“Marxism after Marxism”
In a new review for Mediations, Imre Szeman says Göran Therborn's From Marxism to Post-Marxism? "might allow Left thought to better understand its past, present, and future."
What comes next for Marxism? This is the question animating Göran Therborn's From Marxism to Post-Marxism?, which considers the future of Marxist theory in the context of the new political, economic, and social circumstances of the twenty-first century. Perhaps more than any other theoretical tradition, Marxism has been especially attentive to the circumstances in which it operates; a meta-awareness of its own conditions of possibility is an essential characteristic for a mode of thought in which history plays a constitutive role and ideas are of necessity anchored in the stuff of life. Marxism originated and developed in circumstances starkly different than our own. In what ways has it changed or does it need to change to remain relevant in this new era?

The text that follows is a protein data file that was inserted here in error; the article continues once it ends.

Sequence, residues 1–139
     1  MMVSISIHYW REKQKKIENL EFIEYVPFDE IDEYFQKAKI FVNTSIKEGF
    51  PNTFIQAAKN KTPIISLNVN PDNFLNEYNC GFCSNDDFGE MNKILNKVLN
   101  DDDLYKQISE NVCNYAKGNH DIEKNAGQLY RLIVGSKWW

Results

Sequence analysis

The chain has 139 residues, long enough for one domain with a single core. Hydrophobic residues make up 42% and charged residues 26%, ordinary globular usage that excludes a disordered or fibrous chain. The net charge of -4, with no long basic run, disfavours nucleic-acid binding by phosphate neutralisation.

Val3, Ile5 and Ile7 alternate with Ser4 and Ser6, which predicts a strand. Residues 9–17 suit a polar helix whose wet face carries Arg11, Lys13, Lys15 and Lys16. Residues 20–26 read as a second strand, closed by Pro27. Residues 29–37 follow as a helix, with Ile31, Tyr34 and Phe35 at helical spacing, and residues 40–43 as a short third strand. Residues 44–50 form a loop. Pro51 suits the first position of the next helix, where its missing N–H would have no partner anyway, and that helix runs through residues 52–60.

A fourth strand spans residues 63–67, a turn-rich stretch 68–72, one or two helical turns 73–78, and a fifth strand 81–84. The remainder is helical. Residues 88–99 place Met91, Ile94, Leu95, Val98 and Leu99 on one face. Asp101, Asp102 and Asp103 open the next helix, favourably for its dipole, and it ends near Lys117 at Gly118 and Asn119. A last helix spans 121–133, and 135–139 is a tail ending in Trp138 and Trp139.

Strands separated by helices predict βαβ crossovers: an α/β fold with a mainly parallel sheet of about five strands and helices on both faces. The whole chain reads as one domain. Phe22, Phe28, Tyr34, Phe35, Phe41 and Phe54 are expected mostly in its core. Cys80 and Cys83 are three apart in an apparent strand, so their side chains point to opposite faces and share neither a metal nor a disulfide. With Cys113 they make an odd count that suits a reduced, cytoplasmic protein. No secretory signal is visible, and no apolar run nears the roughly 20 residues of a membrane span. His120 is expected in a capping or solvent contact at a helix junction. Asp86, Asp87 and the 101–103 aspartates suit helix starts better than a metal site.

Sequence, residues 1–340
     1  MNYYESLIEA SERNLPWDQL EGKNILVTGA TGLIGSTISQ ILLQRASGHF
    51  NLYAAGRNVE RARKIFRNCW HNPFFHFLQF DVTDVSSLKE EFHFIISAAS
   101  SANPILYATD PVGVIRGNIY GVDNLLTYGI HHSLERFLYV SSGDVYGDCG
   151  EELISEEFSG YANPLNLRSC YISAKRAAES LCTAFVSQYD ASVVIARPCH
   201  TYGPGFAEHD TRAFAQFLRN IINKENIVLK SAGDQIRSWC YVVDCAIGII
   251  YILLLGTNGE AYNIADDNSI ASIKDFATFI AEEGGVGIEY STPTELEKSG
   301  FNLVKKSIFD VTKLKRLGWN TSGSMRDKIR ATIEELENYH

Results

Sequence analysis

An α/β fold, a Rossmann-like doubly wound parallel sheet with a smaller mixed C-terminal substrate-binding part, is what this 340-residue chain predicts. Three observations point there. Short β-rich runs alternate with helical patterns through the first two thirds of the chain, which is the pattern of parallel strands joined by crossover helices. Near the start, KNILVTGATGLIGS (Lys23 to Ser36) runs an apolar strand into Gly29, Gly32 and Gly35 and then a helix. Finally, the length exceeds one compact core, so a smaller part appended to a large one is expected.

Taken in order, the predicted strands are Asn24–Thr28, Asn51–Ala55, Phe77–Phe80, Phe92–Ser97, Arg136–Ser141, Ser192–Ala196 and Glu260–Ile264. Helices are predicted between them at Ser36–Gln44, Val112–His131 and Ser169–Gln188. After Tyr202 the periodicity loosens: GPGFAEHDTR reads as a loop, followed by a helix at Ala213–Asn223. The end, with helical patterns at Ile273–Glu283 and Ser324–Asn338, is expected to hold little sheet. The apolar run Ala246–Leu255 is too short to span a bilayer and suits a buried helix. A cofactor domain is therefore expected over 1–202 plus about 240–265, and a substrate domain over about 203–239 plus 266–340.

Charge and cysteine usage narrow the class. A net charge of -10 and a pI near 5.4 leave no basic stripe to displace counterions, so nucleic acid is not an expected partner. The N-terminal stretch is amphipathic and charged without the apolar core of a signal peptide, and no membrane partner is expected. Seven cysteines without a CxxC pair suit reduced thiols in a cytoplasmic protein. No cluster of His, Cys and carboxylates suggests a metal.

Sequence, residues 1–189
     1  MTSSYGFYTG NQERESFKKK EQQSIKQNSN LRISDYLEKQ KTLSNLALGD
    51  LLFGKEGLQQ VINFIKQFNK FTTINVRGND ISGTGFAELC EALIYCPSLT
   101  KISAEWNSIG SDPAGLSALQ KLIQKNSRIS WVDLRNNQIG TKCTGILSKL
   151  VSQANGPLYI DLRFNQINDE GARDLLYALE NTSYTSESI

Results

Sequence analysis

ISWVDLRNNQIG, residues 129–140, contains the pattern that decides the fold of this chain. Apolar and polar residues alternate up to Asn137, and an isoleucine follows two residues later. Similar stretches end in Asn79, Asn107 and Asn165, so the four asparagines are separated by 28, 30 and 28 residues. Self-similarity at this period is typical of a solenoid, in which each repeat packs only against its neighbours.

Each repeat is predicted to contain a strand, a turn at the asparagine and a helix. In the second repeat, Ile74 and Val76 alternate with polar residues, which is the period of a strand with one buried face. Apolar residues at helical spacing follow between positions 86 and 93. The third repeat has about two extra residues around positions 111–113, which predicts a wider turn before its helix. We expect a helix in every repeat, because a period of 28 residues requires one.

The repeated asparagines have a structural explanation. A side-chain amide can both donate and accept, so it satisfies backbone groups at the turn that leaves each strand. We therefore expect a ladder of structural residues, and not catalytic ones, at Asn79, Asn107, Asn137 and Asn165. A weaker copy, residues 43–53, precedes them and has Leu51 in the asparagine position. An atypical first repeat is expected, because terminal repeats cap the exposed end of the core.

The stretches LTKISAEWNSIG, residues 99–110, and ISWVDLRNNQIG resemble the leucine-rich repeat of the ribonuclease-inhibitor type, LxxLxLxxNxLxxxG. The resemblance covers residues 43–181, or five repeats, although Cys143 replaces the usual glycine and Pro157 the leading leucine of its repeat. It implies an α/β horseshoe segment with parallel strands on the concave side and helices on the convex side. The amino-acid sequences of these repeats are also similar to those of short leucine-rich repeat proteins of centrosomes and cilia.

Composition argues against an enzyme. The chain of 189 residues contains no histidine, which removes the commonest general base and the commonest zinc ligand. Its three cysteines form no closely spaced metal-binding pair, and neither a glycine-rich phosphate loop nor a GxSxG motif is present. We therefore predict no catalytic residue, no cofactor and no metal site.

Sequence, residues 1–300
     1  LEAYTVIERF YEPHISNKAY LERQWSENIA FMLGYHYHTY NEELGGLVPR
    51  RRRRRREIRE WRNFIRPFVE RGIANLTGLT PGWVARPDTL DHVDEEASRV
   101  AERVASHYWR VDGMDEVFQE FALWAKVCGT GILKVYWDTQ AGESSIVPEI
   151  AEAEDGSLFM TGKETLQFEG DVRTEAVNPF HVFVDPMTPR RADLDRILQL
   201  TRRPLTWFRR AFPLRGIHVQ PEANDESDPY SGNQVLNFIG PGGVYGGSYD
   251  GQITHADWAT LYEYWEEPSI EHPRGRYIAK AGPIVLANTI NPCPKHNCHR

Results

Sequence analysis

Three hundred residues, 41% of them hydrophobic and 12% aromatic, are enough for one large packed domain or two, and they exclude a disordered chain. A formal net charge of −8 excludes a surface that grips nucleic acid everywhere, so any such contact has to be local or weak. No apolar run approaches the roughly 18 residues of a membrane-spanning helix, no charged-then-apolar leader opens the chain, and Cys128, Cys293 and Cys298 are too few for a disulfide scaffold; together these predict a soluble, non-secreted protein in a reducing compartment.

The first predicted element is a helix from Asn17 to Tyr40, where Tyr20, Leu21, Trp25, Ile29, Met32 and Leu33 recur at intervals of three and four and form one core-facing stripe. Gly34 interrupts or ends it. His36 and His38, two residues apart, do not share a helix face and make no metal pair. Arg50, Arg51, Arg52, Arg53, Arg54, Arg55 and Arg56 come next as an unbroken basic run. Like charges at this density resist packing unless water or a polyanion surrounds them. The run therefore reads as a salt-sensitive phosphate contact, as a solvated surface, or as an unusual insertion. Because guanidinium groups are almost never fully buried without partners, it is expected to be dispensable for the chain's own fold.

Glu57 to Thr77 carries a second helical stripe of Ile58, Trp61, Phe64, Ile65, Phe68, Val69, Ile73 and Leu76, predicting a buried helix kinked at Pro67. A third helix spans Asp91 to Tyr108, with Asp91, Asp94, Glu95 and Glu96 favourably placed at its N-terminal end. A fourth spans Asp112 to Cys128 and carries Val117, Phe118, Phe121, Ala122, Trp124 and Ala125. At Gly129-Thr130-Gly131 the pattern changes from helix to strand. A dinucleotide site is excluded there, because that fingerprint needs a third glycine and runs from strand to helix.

Have we moved from Marxism to post-Marxism? The title is posed as a question; the book leaves little doubt about the necessity of such a move, whether it has actually happened as yet. "Post-Marxism" need not be seen as abandonment of the insights of Marx and the Marxist tradition into the operations of capitalism or the ongoing dialectic of modernity, so much as a shift from older historical problematics to a direct confrontation with our bad new days. As the book makes clear, this is already happening. From Marxism to Post-Marxism? is less a rallying cry for new approaches and for braving theoretical and political paths not taken, than a ground-clearing exercise that might allow Left thought to better understand its past, present, and future. Therborn writes that the book makes "no claim to being an intellectual history or a history of ideas, and may be seen rather as a traveller's notebook, unpretentious notes jotted down after a long, arduous journey through the climb, passes, descents and dead ends of twentieth- and early twenty-first-century Marxism." One could not hope for a better guide for the arduous journey still to come.
Visit Mediations to read the review in full.